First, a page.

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County Supervisors Respond to Cities’ RDA Shutdown Complaints: Tough Luck

About a month ago, Santa Clara County cities registered their dissatisfaction with the county’s conduct on RDA oversight boards in a detailed five-page letter to the County Board of Supervisors – who have so far avoided publicly acknowledging the controversy.

The Supervisors’ response to cities’ plea for support and fairness was three paragraphs that could be summed up in two words: Tough luck.

“We understand that the dissolution of redevelopment is a loss for cities that relied upon RDAs to fund economic development, pay for public infrastructure, and dedicate resources for affordable housing,” wrote Board of Supervisors President Ken Yeager in response to the cities’ complaints that the county was maximizing its revenue at their expense.


“Because RDAs were funded directly from property taxes that otherwise would go to local governments (primarily schools), RDAs did not represent a fiscally sound and sustainable way to support these important needs.”

Yeager was also dismissive of the Cities’ Association criticism about the appointments to the RDA shutdown oversight board, dilatory reports from the county, and unprofessional behavior.

“You can rest assured that the County and its Officers have been and remain committed to the faithful implementation of the Legislature’s mandate to expeditiously wind-down RDAs…Our expectation is that County Officers, staff, and appointees will diligently carry out their fiduciary duties in accordance with the law, and in a manner that is professional and courteous.”

Santa Clara Mayor Jamie Matthews characterized the Supervisors’ response as “unfortunate.” Meanwhile it becomes more and more likely that these conflicts will only be resolved in court. In the meantime, any questions, says Yeager, should go to Deputy County Executive James R. Williams at (408) 299-5128.

County’s Actions Aggressive, Partisan and Costly Says Cities Association

“We are not getting the support needed at home by County representatives to our various Oversight Boards at a critical time,” Cities Association president Margaret Abe-Koga wrote the Supervisors in a January 28 letter concerning the RDA shutdown that’s been underway for over a year.

“In fact, the county’s participation has too often undermined the reasonable, lawful, and long-accepted positions that our cities have taken to minimize disruption…on our communities and the economy. The County’s aggressive posture has put at-risk jobs associated with hundreds of millions of dollars of investment for preapproved public works, housing, and other projects.”

County appointments to RDA successor agency oversight boards also came in for sharp criticism. None of the county appointments are elected officials, and senior officials are frequently passing the job off to staff as career-enhancement opportunities.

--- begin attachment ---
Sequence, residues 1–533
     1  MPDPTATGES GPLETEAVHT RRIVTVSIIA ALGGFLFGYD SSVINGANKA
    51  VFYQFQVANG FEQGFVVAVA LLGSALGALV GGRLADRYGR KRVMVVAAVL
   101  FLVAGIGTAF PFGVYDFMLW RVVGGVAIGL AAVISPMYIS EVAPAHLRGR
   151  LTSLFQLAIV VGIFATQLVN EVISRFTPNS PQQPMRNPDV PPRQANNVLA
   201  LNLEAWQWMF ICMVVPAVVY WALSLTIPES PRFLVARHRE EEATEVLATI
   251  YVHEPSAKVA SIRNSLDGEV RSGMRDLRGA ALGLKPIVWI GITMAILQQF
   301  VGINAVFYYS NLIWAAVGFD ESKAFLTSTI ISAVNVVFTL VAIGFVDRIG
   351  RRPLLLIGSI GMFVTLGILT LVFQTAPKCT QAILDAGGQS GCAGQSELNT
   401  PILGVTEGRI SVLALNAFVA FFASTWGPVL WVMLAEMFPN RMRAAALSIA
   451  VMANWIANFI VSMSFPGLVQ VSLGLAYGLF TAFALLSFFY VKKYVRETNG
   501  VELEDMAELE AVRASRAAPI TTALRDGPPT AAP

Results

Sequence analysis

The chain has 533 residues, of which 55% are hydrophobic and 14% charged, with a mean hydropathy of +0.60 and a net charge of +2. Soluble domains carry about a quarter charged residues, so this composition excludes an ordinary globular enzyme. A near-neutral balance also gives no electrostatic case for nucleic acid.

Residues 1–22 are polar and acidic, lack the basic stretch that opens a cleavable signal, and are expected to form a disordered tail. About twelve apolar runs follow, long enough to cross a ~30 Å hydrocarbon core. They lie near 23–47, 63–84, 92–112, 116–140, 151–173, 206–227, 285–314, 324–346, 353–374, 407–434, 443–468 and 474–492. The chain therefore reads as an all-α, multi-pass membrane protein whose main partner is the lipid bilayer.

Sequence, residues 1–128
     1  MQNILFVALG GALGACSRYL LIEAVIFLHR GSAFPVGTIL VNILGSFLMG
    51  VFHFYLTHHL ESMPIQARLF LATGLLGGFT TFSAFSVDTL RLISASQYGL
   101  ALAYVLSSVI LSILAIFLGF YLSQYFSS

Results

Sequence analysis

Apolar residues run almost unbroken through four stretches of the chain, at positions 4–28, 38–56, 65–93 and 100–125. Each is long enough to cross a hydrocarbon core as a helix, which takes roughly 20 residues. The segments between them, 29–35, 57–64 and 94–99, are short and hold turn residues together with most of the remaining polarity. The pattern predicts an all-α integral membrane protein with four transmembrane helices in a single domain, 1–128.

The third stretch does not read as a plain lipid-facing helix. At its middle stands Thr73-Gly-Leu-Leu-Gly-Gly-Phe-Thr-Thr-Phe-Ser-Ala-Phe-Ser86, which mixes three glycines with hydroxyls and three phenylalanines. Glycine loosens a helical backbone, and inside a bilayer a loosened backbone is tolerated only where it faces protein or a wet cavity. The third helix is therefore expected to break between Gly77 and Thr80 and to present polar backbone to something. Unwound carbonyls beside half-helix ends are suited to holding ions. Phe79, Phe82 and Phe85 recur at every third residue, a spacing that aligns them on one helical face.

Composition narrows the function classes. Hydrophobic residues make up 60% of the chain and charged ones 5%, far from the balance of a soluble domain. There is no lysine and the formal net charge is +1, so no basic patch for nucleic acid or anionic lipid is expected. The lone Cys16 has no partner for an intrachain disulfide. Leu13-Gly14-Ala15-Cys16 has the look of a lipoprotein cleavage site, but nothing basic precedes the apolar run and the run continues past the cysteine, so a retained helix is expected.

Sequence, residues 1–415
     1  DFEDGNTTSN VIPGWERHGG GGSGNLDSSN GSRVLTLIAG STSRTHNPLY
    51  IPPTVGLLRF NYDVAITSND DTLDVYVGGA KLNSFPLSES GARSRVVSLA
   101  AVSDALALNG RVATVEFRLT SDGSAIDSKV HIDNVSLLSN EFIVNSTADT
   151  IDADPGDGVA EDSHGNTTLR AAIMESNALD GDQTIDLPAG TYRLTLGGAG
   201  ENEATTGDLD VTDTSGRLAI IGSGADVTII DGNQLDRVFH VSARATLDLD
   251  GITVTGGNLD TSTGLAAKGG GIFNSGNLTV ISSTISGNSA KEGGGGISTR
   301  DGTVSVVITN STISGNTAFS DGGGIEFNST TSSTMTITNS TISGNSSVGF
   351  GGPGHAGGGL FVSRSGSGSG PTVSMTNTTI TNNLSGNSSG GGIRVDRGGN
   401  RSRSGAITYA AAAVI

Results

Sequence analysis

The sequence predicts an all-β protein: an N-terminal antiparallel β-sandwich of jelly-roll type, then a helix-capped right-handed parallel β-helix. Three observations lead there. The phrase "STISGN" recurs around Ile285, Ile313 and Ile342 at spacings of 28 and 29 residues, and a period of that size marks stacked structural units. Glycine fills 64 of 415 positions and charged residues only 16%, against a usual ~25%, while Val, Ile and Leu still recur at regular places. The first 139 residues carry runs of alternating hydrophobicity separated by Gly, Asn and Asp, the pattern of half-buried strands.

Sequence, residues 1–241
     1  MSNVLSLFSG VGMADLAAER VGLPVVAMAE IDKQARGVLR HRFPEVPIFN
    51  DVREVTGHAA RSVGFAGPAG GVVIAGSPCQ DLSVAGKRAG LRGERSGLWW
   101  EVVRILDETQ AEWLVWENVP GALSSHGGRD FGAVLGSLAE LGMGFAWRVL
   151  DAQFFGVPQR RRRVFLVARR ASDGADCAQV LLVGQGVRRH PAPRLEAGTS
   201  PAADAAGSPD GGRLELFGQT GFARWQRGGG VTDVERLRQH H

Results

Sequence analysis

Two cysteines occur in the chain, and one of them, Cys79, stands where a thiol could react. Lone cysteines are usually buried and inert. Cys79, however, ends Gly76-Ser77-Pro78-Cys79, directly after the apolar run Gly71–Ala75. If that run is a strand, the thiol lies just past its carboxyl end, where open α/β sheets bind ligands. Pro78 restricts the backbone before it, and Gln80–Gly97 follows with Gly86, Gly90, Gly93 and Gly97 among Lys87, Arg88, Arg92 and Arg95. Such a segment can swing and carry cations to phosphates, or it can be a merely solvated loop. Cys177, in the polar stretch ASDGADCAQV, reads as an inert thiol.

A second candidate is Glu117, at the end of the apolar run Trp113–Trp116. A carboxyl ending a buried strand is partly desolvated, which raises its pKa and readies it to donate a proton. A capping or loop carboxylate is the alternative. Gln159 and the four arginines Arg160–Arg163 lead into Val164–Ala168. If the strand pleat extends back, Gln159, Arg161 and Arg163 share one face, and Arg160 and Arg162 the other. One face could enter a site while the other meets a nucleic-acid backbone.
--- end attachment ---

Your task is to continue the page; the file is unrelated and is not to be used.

“Some of our cities initially urged the Board of Supervisors to appoint elected Supervisors to the Oversight Boards because we recognized that these critical decisions should be made by elected representatives accountable to our communities,” the letter continued. “Instead, the Board of Supervisors chose to appoint staff members, in part, we were told, to provide ‘professional development’ opportunities for county management.”

As a result “the serious business of meeting the dual fiduciary responsibilities (to underlying taxing agencies and to holders of enforceable obligations) is being undertaken by less experienced staff…unfamiliar with redevelopment, land development finance, and/or broad public policy.”

Although these boards are supposed to balance interests of all stakeholders, they are, in practice, says the Cities Association maximizing county revenue at cities’ expense.

“County staff pursues choices that maximize revenue to the County, without consideration of the impact on local communities or our region‘s overall economic and fiscal goals.” The letter says, “The county has adopted an aggressive advocacy approach rather than a neutral independent review” tasking board members “with generating as much income for Santa Clara County, notwithstanding the Oversight Board‘s statutory duty. The result is sometimes an unnecessary and unproductive contentious approach to every decision.”

The letter also highlights some of the costs so far.

In Milpitas, money for a school, public park and low income senior housing project near the new BART station was “compromised due to the aggressive actions of County staff appointed to the oversight board. Audit documents and reports received from County staff are inaccurate, misleading, accusatory and insulting.”

Over $300,000 of Morgan Hill’s RDA revenue has been spent in six months on a county audit that was “unprofessional, inaccurate, and inconsistent with state laws regarding governmental audits…it could not be relied on by anyone for any purpose.”

And in Santa Clara the county is demanding over $300 million in RDA assets – twice the city’s annual general fund budget. “The City firmly believes these assets were transferred from the RDA legally and that they rightfully belong to the City of Santa Clara taxpayers, who funded the obligations to provide these assets.”

The Cities Association had three recommendations for the County.

First, that appointees be current or former policy makers with “appropriate knowledge and experience on property, land development and policy matters to properly discharge the responsibilities of the Oversight Board.”

Second, that the county release documentation about its charges to former RDAs’ revenues in a timely way.

And third, that the board of Supervisors “become more involved and aware” of county staff’s actions, directly appoint oversight board members, and provide specific policy direction.


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